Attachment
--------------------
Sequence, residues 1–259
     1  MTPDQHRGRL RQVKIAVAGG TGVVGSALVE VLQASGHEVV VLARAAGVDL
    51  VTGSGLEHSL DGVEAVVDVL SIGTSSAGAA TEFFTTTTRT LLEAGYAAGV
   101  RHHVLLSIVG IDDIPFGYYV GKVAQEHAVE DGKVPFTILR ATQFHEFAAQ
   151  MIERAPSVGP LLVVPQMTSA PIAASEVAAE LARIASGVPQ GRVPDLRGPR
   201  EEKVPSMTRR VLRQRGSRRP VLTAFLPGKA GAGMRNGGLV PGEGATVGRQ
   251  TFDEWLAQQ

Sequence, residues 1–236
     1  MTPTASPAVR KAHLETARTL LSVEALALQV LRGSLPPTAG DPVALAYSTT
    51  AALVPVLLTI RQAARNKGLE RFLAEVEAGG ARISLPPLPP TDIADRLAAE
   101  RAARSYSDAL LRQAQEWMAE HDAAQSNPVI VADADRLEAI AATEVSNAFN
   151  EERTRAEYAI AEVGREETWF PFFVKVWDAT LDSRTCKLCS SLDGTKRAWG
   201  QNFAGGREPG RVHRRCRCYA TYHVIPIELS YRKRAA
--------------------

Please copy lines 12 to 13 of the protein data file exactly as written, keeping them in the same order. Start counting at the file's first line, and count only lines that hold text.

   151  EERTRAEYAI AEVGREETWF PFFVKVWDAT LDSRTCKLCS SLDGTKRAWG
   201  QNFAGGREPG RVHRRCRCYA TYHVIPIELS YRKRAA